By Nate F. Searing

When Mark Lambourne’s son came home from elementary school four years ago complaining about the taste of the water coming out of his classroom drinking fountain, Lambourne, the vice-president of Superior Water and Air in West Valley City, Utah, did what he does best. He filtered the water himself.

The improved classroom water was such a hit with his child’s teacher that it wasn’t long before all the other teachers in the school wanted the same. Lam-bourne happily obliged and today, every fountain in the small school has had an addition from Superior.

When his son moved on to the local junior high school, Lambourne filtered the water in all those drinking fountains, too—and Superior Water has maintained the filters in both schools ever since.

What started as a small community project to provide his son and other students with quality water has grown exponentially. After reading recent press regarding lead contamination and poor water quality in Washington, D.C.-area schools, Lambourne made a personal vow that soon became a family and company goal—to filter more than 18,000 drinking fountains in more than 750 Utah public schools, all at no charge to the schools or taxpayers.

“I think the legislation mandating this was coming down the pipe anyway, but the bottom line is that our kids were drinking potentially unsafe water,” Lambourne said. “It’s not really a question of ‘Are we really going to do this?’ but rather ‘This needs to be done, how are we going to accomplish it?’”

If the state had bid the project out to another company, the cost would be pushing two million dollars, Lambourne said. But after making his desire to help known to the local school districts, Lamobourne and Superior received additional help from one of their suppliers, Standard Plumbing Supply.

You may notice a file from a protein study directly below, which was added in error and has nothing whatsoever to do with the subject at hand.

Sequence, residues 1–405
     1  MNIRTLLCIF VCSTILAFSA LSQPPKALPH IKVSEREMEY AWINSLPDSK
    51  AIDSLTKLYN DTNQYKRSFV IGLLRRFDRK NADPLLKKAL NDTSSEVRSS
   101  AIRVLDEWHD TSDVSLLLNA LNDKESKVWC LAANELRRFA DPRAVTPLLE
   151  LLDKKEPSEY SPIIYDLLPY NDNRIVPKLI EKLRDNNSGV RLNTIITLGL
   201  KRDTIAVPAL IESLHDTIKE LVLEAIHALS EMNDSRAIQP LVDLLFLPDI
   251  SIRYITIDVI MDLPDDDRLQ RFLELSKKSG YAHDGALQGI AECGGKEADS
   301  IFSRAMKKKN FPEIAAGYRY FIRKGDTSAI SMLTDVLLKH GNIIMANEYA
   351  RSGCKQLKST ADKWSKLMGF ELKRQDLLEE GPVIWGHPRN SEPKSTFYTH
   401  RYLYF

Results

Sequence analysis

“They’re a family company like us and they realized the importance of this task,” he said. “The whole idea coincided with our 50th anniversary and so it has become, really, a ‘thank-you’ to the community that has helped us along throughout the years.”

The donation was accepted in June 2004 by Utah governor Olene Walker and deputy for education Dr. Darrell White. Dr. Stephen Ronnenkamp, superintendent of the Granite School District, Utah’s largest school district with 70,000 students, was the first to jump at the chance to clean up drinking water and Superior has since completed the majority of the work in that district. They are now moving on to Utah’s second and third largest school districts: Jordon and Alpine. Anderson estimates it will take a year to complete the entire project.

“We couldn’t do it without the generous help of our co-sponsors, Standard Plumbing Supply, donating the supply lines and CUNO Inc., which is supplying the filters at a discount,” Lam-bourne said. Superior’s local media partner, CBS affiliate KUTV and its general manager Dave Phillips in Salt Lake City, have lent both media and television production support.

The company has also formed a non-profit organization to assist in delivering on the Superior promise. Safe Water for Utah Kids helps to monitor and maintain the school drinking fountain program and Anderson is busy aligning corporate sponsors to help defray the on-going expense of filter replacement.

“Based on current trends,” said Jake Lambourne, Mark’s father who founded Superior in 1956, “it is only a matter of time before the government mandates water quality in our schools. I like the idea of Utah taking the lead and setting the example for the nation—and I like the idea of Superior Water and Air being part of that.”

Superior sells its own brand and services all makes and models of water softeners and water purifiers—and recently added a whole house air purification system to their product/service offering.


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